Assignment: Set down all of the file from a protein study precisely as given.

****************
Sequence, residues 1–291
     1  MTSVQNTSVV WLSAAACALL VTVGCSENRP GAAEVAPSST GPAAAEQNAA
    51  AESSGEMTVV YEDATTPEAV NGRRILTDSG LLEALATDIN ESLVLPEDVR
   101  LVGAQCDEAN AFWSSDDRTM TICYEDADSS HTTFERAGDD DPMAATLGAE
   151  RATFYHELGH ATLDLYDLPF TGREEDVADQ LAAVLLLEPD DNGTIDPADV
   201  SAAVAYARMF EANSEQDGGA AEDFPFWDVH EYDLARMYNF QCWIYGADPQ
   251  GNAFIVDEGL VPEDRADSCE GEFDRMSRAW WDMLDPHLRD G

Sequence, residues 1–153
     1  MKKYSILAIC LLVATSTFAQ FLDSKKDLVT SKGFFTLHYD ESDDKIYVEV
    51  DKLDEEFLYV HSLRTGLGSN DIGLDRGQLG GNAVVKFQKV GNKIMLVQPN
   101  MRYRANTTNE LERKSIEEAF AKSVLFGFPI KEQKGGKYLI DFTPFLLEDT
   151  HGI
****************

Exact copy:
Sequence, residues 1–291
     1  MTSVQNTSVV WLSAAACALL VTVGCSENRP GAAEVAPSST GPAAAEQNAA
    51  AESSGEMTVV YEDATTPEAV NGRRILTDSG LLEALATDIN ESLVLPEDVR
   101  LVGAQCDEAN AFWSSDDRTM TICYEDADSS HTTFERAGDD DPMAATLGAE
   151  RATFYHELGH ATLDLYDLPF TGREEDVADQ LAAVLLLEPD DNGTIDPADV
   201  SAAVAYARMF EANSEQDGGA AEDFPFWDVH EYDLARMYNF QCWIYGADPQ
   251  GNAFIVDEGL VPEDRADSCE GEFDRMSRAW WDMLDPHLRD G

Sequence, residues 1–153
     1  MKKYSILAIC LLVATSTFAQ FLDSKKDLVT SKGFFTLHYD ESDDKIYVEV
    51  DKLDEEFLYV HSLRTGLGSN DIGLDRGQLG GNAVVKFQKV GNKIMLVQPN
   101  MRYRANTTNE LERKSIEEAF AKSVLFGFPI KEQKGGKYLI DFTPFLLEDT
   151  HGI